By Catherine Wagley
By Channing Sargent
By L.A. Weekly critics
By Amanda Lewis
By Catherine Wagley
By Carol Cheh
By Keegan Hamilton
By Bill Raden
It also makes people nervous. Heavily favored to win this year’s prestigious Prix Goncourt, Plateforme was officially shortlisted for the prize on September 11 just a few hours before the attack (day breaking six hours earlier in Paris), but by October, when the list was shortened even further, his name was no longer to be found. According to an article in Le Monde, it had been taken for granted, post 9/11, that the attack on the World Trade Center had destroyed Houellebecq’s chances of winning the Goncourt, but no one expected to see his name removed from contention altogether. But that is what happened, apparently for political rather than literary reasons.
Houellebecq has more serious problems, however. Pierre Assouline, the editor of Lire, has stated that he believes that Houellebecq has a racist aversion to Arabs (a charge Houellebecq denies), and makes much of the fact that Houellebecq’s mother, a hippie who abandoned him when he was a child, later converted to Islam. More worryingly, French Muslims have announced their intention to take legal action against him under a French law barring the incitement of religious and racial hatred. Leading the charge has been Dalil Boubakeur, rector of the Paris Mosque, who recently claimed that no more than 1 percent of Muslims worldwide share Osama bin Laden’s views. (According to the Iranian journalist Amir Taheri, that would still amount to almost 13 million people.) In arguing for prosecution, Boubakeur was reported as saying that Houellebecq’s “racism, his phobia, his obsession, his paranoia” suggested an urgent need for psychiatric care. “We know this style of literature in France, with Albert Camus, or with other alcoholic or non-alcoholic or drugged authors,” he said.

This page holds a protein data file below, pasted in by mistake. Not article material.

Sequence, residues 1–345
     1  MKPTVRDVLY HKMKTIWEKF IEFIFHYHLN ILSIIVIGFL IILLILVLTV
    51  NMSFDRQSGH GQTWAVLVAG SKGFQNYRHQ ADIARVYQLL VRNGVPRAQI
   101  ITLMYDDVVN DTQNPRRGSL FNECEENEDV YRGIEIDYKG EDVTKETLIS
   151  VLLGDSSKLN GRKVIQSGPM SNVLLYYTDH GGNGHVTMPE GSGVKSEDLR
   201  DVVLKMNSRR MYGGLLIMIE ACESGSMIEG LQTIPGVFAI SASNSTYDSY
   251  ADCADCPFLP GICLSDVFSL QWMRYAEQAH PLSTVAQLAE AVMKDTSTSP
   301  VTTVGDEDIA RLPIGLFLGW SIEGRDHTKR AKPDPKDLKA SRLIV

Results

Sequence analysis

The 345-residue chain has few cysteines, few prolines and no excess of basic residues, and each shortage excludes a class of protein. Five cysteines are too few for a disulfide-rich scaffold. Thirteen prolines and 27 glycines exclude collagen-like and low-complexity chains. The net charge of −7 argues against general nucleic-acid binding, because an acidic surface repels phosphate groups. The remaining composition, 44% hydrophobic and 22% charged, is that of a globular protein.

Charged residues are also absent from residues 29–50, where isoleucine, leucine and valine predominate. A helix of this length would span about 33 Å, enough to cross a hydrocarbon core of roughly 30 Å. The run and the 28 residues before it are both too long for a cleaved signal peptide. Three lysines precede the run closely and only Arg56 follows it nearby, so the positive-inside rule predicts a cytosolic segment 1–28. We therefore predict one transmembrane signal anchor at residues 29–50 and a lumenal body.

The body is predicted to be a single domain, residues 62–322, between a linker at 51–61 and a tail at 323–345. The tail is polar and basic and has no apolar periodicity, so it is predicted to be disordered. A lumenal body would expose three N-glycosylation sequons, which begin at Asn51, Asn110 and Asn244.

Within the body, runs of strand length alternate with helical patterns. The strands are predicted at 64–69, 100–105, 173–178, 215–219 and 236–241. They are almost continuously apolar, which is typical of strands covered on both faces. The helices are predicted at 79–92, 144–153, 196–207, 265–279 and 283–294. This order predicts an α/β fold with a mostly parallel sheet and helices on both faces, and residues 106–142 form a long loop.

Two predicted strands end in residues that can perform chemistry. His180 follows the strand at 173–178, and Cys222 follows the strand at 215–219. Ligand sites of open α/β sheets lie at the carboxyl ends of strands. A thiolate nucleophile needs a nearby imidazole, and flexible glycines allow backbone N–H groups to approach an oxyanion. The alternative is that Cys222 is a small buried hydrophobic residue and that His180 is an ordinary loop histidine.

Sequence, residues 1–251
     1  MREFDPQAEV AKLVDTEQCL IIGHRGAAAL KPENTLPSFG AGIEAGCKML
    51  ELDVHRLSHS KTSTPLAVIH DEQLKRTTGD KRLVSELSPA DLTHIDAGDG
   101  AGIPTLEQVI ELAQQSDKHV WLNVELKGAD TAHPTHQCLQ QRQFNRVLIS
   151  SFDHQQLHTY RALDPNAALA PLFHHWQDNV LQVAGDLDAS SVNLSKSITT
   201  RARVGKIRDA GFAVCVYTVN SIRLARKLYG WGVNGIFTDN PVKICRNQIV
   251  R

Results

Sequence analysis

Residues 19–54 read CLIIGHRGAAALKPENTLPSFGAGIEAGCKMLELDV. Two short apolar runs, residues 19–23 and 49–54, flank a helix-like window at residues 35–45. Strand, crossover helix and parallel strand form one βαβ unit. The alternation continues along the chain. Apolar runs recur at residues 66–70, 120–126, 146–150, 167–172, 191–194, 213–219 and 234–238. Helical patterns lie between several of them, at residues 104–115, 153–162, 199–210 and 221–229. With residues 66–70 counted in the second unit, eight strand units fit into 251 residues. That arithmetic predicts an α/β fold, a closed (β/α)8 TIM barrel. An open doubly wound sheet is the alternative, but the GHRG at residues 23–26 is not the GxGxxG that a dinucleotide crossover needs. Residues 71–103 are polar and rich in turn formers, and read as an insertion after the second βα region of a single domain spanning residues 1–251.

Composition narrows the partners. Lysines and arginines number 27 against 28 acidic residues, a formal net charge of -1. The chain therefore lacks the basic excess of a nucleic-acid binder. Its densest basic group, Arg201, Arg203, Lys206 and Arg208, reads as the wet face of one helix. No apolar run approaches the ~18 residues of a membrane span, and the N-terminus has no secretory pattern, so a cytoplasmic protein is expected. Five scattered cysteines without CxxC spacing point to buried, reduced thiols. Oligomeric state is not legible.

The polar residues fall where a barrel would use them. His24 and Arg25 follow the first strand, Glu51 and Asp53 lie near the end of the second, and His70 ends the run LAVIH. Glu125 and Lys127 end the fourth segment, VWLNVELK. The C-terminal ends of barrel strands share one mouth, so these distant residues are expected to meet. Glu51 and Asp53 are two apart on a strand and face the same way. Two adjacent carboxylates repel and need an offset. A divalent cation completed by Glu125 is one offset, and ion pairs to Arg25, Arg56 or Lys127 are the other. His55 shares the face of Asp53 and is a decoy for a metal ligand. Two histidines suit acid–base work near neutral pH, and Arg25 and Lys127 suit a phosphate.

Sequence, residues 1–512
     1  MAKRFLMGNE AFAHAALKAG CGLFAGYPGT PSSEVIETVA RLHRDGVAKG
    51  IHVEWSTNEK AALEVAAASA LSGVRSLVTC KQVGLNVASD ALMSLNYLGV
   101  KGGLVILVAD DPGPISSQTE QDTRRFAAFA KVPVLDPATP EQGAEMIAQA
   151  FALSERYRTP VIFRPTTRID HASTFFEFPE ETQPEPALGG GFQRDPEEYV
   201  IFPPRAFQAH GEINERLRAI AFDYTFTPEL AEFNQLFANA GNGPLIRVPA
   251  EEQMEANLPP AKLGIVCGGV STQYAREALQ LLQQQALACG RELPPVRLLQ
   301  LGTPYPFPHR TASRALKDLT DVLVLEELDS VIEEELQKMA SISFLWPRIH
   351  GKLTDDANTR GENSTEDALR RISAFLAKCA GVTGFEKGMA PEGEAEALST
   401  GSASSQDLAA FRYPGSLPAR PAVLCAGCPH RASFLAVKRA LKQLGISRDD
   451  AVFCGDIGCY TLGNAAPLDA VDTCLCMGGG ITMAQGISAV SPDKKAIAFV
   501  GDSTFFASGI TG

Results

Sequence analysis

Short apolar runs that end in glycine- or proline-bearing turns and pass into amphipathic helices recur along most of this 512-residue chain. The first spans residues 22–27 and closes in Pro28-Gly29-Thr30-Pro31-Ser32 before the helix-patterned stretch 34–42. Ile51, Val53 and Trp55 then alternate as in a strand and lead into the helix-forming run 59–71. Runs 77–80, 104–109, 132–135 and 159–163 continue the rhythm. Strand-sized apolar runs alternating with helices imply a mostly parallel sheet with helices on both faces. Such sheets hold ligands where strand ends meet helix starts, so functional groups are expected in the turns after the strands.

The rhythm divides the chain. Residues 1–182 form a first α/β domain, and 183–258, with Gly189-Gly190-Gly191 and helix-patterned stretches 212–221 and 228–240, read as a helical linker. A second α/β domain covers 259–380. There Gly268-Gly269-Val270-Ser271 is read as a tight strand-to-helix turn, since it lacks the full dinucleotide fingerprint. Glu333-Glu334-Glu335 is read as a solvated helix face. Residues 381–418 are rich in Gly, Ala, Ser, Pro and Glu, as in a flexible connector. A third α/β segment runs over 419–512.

If Houellebecq is successfully prosecuted, he could theoretically face a year in prison. In the unlikely event that this should happen, he may find himself treated — like the people killed in the terrorist attack in his novel — as a somewhat “ambiguous victim” himself.
After receiving death threats from Islamic fundamentalists, Houellebecq is now living in a Parisian safe house with his pet corgi, Clement, and is forbidden to leave France except under armed guard. Score one for the fundamentalists, but score two for the author, who has lost neither his nerve nor his sense of humor. Defying his publisher’s gag order, he recently asked a Scottish journalist whether he had any contacts in the Royal Family, because Clement was beginning to suffer “from very strong sexual desires.” Houellebecq reiterated that he is not a racist, argued for a more “rational organization” of prostitution, and added: “It is not a crime to pass a value judgment on another civilization.”
Plateforme will be published in English in 2002. Vintage will publish the paperback edition ofThe Elementary Particles on November 14.